Other analysts, such as Hal Brands (a Johns Hopkins School of Advanced International Studies scholar), also ardently believe in Trump’s “isolationism” – but see it as potentially apocalyptic. For Brands, a new Trump presidency could “fracture Europe”, bringing back the European “darker, more anarchic, more illiberal patterns of its past.”

I wrote in March about how Trump’s supposed “isolationism” must be taken with a grain of salt. One may recall that it was none other than Trump who assassinated Iranian general Soleimani, for one thing. Trump has also famously said that Tel Aviv must “finish the problem”. The former president may not be the insane warmonger he’s made out to be by a largely Democrat US media and some analysts. He prefers to resort to economic warfare (rather than opting for military intervention all the time). However he is obviously no “anti-imperialist” hero as the fantasies of some of the more naïve analysts would have it.

Trump did “facilitate the Abraham Accords” to bring “peace” to “Israel and three of its neighbors in the Middle East plus Sudan” (as O’Brien writes) However, the very same agreements, albeit attracting new allies, have caused a major increase in tensions all across Africa, the Middle East and beyond. The Israel-UEA peace deal in 2020, for instance, prompted protests in South Africa right away – by 2022, the African nation was declaring Israel an “apartheid state”. The Persian Gulf – Horn of Africa nexus has always been a strategic place for Israel, this being a region where military and commercial interests overlap. These normalization deals were in fact also part of the rise of Israeli military presence in Africa and abroad – this was made all the more clearly with the 2021 Israel’s joint naval drill with the UAE and Bahrain. Besides that, already in 2021 I wrote (as did countless others) on how the Israeli-Palestine conflict further polarized the Middle East and inflamed public opinion against the Abraham Accords.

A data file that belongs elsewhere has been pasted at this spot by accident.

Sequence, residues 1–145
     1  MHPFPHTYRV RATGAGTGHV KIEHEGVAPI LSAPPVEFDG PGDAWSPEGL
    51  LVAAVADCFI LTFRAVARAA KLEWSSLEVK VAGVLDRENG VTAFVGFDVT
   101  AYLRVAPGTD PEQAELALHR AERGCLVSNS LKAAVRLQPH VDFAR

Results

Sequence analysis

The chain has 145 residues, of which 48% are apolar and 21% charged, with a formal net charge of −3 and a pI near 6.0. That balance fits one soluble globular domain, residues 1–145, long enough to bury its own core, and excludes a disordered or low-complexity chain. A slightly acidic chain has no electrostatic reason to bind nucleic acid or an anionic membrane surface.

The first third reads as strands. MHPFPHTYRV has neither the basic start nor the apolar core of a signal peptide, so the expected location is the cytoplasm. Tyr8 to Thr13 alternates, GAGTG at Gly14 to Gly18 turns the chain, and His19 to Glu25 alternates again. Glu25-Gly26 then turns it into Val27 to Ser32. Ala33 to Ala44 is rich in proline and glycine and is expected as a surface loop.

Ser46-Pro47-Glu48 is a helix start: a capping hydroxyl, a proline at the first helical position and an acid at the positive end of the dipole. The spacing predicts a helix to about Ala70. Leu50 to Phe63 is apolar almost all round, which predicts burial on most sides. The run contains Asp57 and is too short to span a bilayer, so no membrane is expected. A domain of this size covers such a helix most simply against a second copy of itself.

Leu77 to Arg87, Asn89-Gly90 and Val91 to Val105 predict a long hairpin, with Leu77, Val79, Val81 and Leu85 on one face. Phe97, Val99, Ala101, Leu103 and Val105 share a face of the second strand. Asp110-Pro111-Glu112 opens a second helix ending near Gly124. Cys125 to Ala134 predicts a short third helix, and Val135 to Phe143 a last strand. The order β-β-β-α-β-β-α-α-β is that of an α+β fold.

The same normalization agreements, together with the issue of Western Sahara, escalated Algerian-Moroccan tensions tremendously, to the point of disrupting European energy interests. In December 2020, Trump recognized Morocco’s claims to the disputed region (in a kind of “quid pro quo” after Morocco normalized its relations with the Jewish state). In doing so, the former US President fueled pre-existing contradictions between the Maghreb region and the African Union, and within the Maghreb region itself – with regards to the Western Sahara “forgotten war”, he threw gasoline on the fire. One must admit that increasing tensions globally is a rather strange way of making peace.

Trump gave the Abraham Accords a central place in his foreign policy, and Biden has inherited this. The hard fact is that the roots of today’s crisis in the Middle East lie largely at these agreements. With the escalation of conflict in the Middle East, the center of gravity for global tensions might have partially shifted away from Eastern Europe. The current Houthi crisis in the Red Sea, for one thing, is largely a collateral effect of the Washington-backed catastrophic Israeli campaign in the Levant. It turns out Trump is, by all indications, more of an unconditional backer of Israel than his opponent Biden is. And this could be bad news to the world.